Similarly within Emerson, it appears the customer demand for adding the wireless vibration monitoring systems from their CSI machinery health monitoring business has maybe triggered a stronger interest in the promotion/adoption of these products within the established process industry customers: wireless might be seen as the glue linking vibration monitoring and process measurement
sensors. From comments by Hesketh, it seems the customer doorways suddenly opened to approaches discussing machinery health monitoring by wireless – or maybe the barriers to entry were lowered sufficiently for the sales engineers to start raising the subject with confidence. The overall message is that with a wireless infrastructure in place, the customer is able to do tasks that were considered too difficult before, and calls for new applications. So what other doors are opening for Emerson…
Wireless gas detection
In listing some of the recently introduced Emerson wireless products, Hesketh included a Thum adaptor integrated with “a hydrogen sulphide (sulfide) detection system from Net Safety”, which triggered my interest, following the Honeywell activity in this area. Maybe there had been similar interest triggered in Emerson, because Net Safety Monitoring, the gas and flame detector company – specialising in the oil and gas industry – was acquired by Emerson back in July this year. The side panel has the full story, such as it is, but note that Net Safety are also based in Calgary, Canada.
Steam trap monitoring
The second innovation described by Hesketh was a Rosemount wireless acoustic transmitter, typically used to monitor and analyse the sound emitted by a high pressure gas, such as steam, when escaping from a faulty steam trap or pressure relief valve. The transmitter is a listening device, which is strapped to the pipework close to the potential escape point, which of course could be a steam trap, valve or seal that needs monitoring.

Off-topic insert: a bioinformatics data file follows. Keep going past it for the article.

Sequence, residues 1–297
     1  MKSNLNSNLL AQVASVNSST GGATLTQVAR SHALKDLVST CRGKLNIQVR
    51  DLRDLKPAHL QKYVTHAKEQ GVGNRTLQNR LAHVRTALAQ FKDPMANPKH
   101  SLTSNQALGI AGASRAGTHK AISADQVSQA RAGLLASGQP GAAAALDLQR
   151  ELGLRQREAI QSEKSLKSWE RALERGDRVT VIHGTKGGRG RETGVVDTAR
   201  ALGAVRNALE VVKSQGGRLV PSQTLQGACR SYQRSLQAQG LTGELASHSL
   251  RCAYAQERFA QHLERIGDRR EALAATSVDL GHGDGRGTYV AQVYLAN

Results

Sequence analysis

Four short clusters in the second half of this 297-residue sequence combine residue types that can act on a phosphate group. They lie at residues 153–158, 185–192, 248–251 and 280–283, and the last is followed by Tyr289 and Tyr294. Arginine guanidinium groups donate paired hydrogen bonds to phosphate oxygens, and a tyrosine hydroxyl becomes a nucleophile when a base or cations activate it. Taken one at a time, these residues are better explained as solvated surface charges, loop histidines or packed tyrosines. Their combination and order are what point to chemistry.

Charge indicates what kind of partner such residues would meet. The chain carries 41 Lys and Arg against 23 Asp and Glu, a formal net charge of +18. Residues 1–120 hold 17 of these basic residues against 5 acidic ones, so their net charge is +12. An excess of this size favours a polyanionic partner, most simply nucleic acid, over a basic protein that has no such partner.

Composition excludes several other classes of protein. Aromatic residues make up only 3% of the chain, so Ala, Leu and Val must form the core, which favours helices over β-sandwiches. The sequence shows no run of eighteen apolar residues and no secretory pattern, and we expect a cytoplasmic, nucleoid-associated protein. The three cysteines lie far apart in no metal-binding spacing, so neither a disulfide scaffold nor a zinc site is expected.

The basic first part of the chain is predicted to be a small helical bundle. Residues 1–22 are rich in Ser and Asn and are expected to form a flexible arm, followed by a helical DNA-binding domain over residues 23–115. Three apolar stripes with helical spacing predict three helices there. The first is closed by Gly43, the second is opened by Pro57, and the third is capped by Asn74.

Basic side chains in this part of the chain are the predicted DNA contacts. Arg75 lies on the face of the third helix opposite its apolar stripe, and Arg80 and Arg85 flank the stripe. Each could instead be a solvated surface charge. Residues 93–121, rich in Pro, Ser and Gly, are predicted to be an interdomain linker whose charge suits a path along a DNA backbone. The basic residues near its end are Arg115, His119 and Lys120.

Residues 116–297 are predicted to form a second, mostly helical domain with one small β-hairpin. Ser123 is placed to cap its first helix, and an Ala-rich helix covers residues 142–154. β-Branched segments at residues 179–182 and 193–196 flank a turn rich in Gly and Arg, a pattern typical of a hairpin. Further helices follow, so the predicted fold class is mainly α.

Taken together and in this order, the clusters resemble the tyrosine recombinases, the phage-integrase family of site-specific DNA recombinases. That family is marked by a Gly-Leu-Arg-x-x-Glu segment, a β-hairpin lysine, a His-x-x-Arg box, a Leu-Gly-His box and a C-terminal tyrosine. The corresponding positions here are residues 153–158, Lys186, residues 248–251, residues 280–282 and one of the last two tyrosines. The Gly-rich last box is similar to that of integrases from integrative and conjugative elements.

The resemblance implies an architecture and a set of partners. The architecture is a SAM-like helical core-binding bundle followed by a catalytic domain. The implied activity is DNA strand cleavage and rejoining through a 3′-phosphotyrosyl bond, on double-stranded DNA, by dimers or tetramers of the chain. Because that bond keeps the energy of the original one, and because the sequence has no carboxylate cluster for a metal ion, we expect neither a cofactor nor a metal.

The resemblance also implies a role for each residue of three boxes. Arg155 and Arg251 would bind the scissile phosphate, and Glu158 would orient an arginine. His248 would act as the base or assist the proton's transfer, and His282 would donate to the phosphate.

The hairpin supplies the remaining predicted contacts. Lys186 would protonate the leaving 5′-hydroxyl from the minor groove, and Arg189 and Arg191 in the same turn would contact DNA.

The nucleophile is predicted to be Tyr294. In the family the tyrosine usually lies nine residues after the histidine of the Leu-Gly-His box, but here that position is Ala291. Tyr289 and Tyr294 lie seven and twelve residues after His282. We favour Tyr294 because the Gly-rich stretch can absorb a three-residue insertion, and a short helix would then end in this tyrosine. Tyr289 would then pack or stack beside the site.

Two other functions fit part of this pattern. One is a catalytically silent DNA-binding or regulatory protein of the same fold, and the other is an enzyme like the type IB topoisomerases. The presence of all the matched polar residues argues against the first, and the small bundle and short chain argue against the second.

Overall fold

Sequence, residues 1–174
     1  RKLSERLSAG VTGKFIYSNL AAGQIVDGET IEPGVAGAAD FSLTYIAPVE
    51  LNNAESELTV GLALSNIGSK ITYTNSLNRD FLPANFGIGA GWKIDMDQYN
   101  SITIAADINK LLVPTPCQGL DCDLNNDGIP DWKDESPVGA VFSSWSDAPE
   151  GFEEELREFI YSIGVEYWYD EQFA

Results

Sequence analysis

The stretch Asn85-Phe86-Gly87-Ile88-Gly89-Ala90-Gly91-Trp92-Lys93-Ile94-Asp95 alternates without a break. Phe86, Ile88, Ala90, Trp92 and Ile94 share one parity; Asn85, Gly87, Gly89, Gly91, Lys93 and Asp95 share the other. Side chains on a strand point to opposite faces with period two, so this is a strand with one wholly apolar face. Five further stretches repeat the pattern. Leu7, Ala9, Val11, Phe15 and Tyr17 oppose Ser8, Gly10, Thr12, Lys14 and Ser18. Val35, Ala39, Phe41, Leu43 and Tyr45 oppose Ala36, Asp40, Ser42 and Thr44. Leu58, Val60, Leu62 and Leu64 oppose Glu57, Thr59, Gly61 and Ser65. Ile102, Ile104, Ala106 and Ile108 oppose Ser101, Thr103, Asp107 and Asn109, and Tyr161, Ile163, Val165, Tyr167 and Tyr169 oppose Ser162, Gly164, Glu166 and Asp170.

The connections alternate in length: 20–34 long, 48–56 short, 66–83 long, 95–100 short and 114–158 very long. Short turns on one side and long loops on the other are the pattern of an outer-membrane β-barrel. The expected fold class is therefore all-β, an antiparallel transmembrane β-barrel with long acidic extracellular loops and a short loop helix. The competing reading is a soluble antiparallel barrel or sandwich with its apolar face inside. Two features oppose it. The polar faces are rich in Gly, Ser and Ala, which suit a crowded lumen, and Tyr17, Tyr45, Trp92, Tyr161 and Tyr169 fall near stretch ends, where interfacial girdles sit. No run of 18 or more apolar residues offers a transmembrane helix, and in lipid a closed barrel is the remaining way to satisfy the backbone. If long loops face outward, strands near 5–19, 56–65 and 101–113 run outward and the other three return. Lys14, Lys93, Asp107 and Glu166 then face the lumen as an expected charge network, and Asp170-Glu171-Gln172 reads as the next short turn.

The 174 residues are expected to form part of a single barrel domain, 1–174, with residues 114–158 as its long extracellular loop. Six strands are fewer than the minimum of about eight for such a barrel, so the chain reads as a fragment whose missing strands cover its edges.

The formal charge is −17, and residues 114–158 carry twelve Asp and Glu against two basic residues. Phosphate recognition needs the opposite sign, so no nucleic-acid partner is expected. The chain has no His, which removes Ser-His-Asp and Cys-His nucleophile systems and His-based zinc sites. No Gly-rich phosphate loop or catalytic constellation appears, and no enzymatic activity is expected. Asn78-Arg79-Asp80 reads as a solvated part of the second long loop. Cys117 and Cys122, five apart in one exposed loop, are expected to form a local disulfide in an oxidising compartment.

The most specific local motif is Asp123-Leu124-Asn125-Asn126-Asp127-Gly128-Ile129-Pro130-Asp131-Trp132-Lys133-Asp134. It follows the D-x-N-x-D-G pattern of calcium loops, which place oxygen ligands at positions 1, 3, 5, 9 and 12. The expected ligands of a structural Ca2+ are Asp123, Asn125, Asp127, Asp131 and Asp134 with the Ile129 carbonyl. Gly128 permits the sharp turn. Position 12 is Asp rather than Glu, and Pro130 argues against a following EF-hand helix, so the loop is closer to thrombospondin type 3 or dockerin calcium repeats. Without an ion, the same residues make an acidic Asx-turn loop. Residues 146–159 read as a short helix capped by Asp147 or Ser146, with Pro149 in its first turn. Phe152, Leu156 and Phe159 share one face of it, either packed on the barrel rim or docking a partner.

The immediate question is where did this new product come from, and why? Maybe this is from customer pull, with users asking for a wireless sensor to monitor steam traps, because energy costs and waste from losses has become a significant problem for customers recently. It is also a major opportunity for Emerson to further expand their wireless portfolio, ahead of other people. But where did the Rosemount steam noise analysis expertise come from? Surely the closest you would expect Emerson to get to steam control hardware is with Fisher valves, if we ignore Rosemount vortex and Annubar flowmeters?
Technology from Armstrong
The answer was provided by sub-titles on the Rosemount software, and the examples of steam traps, all on display in the press event, which came from Armstrong International, a major Michigan, USA based family run and fiercely independent company, which has been providing energy management solutions for industry for the past 110 years. Armstrong in fact launched their own SteamEye WirelessHART based steam trap leakage monitoring sensors and systems nearly five years ago (See IAI 31 January 2007). Emerson has benefited from a significant input of Armstrong expertise in designing this Rosemount 708 Wireless Acoustic Transmitter (that seems to be the product name being used, not the Rosemount WAT), and as the press release says, the product is “Backed by Emerson’s proven experience in Smart Wireless field instrumentation”.
The Rosemount 708 press release also mentions that about 20% of the steam leaving a boiler is typically lost through faulty steam traps. In refineries, and other process plants, this is a major on-going problem, and these represent the target for Emerson’s new ‘Smart Energy Initiative’, offering efficiency services for steam systems across industry. More of this will be reported next month.